I like the point Ambinder makes about politicization. Scientists are not by nature spin doctors or politicians. That's why can you never get them to "guarantee" or offer "100%" certainty about anything. Steeped in the peer review process, the research community is typically unprepared (and inadquately funded) to offer an effective defence against well organized lay attacks on their credibility. When they do engage, they are often clumsy or perceived as 'arrogant' by a public with a poor understanding of how science works. Having the facts on your side is not always enough.
from the folks who, among other things, hunt for oil.
The Geological Society of America (GSA) supports the scientific conclusions that Earth’s climate is changing; the climate changes are due in part to human activities; and the probable consequences of the climate changes will be significant and blind to geopolitical boundaries. Furthermore, the potential implications of global climate change and the time scale over which such changes will likely occur require active, effective, long-term planning. GSA also supports statements on the global climate change issue made by the joint national academies of science (June 2005), American Geophysical Union (December, 2003), and American Chemical Society (2004). GSA strongly encourages that the following efforts be undertaken internationally: (1) adequately research climate change at all time scales, (2) develop thoughtful, science-based policy appropriate for the multifaceted issues of global climate change, (3) organize global planning to recognize, prepare for, and adapt to the causes and consequences of global climate change, and (4) organize and develop comprehensive, long-term strategies for sustainable energy, particularly focused on minimizing impacts on global climate.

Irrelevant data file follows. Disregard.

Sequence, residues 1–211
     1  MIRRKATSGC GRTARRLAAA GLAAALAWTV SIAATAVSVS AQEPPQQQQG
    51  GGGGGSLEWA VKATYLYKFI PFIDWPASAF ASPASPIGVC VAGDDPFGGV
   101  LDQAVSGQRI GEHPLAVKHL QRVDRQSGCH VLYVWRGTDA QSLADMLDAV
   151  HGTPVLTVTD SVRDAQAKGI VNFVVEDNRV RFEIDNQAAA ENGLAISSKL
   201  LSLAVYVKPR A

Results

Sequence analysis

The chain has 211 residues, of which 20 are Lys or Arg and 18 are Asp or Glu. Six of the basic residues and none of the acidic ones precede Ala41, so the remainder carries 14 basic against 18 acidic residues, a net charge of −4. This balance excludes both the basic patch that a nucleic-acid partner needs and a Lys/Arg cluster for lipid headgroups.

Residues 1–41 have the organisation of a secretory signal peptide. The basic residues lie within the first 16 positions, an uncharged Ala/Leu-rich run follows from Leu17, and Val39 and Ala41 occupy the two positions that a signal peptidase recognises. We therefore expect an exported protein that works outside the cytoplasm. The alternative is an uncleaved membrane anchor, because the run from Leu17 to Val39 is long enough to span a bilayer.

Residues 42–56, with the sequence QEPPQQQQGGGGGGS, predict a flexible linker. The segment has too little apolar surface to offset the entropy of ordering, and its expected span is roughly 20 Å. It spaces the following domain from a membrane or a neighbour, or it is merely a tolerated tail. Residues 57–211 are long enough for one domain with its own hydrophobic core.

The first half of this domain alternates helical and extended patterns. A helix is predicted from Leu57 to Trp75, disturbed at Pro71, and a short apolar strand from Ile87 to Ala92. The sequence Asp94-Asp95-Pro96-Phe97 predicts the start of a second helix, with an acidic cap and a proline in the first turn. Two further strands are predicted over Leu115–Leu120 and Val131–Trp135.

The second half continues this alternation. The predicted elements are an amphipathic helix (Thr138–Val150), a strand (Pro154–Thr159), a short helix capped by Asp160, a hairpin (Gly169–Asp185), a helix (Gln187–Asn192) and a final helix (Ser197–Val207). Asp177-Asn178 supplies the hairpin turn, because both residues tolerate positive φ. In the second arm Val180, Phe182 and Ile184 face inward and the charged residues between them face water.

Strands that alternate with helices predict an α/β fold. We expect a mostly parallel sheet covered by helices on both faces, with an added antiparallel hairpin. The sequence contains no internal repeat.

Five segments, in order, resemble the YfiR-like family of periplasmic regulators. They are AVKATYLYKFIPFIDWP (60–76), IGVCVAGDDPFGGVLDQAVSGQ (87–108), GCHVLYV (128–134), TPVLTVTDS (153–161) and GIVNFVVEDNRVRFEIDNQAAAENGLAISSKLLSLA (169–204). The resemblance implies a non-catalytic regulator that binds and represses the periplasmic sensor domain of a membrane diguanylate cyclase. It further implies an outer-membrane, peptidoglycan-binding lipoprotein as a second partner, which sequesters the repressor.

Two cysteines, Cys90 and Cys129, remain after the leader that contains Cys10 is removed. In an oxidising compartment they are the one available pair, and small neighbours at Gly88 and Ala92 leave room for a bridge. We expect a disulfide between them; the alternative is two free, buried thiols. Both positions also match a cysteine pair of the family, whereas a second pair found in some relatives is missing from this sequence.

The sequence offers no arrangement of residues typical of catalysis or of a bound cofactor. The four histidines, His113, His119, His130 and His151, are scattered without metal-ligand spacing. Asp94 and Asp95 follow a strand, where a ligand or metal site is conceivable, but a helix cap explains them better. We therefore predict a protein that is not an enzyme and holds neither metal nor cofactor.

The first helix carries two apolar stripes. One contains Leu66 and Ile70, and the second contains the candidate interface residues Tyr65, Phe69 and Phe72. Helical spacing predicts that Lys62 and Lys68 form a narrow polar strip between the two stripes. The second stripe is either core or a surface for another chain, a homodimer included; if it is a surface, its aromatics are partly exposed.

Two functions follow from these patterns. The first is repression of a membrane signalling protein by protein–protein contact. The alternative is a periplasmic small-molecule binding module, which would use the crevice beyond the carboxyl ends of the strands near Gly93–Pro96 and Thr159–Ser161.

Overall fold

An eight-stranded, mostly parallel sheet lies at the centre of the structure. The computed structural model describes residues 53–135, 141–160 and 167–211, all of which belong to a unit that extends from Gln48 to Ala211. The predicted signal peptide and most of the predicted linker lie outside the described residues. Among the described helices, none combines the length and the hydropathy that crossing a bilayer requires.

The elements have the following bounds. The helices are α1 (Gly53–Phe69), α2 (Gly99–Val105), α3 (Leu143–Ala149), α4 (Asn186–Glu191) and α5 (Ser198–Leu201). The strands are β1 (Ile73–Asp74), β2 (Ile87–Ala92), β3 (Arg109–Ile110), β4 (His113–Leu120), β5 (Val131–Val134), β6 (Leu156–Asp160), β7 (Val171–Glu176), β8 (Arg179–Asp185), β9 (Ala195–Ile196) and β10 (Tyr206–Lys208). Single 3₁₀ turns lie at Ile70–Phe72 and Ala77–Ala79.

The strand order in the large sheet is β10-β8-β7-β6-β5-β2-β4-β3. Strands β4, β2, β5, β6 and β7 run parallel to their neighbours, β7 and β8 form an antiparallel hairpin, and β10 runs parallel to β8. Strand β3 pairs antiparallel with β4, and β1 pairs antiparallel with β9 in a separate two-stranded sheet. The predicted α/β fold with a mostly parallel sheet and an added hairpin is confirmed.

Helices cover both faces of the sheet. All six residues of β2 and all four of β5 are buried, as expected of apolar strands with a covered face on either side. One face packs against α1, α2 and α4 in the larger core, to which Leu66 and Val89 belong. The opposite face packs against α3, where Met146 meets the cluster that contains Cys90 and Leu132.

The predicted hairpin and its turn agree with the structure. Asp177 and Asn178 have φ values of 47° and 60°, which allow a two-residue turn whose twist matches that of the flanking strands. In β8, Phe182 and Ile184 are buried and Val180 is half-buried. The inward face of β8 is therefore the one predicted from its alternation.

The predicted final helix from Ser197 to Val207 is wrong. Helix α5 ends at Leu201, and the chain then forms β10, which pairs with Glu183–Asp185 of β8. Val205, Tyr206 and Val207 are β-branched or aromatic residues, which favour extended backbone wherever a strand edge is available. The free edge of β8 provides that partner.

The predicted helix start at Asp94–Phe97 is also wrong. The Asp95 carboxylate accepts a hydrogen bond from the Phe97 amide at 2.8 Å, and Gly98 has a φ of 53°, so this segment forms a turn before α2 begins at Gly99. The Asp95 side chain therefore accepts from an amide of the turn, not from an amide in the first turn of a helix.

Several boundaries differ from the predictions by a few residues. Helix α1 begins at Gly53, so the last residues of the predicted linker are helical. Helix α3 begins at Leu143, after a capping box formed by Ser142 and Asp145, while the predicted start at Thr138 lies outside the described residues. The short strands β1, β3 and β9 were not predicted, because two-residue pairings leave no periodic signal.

watching "climategate" swirl around I keep asking myself what these people are thinking. here is a typical denialist screed:
The project is all about wealth transfer and pan-global re-alignment of spheres of influence, not climate. These ingrates managed to dumb down the population enough to pull the wool over their collective eyes and now they drag this complacent and debt laden society to the very brink of coolapse.
Let me try to connect the dots. Thousands of over-educated underpaid climate scientists are part of a massive global conspiracy!! to take over the world through faked data, academic infighting, and powerpoint presentations. Honestly, what would be the motivation for all of these scientists to abandon their professional integrity to take on super-rich business interests and the religious right? What's the payoff? Free doughnuts in the lunchroom?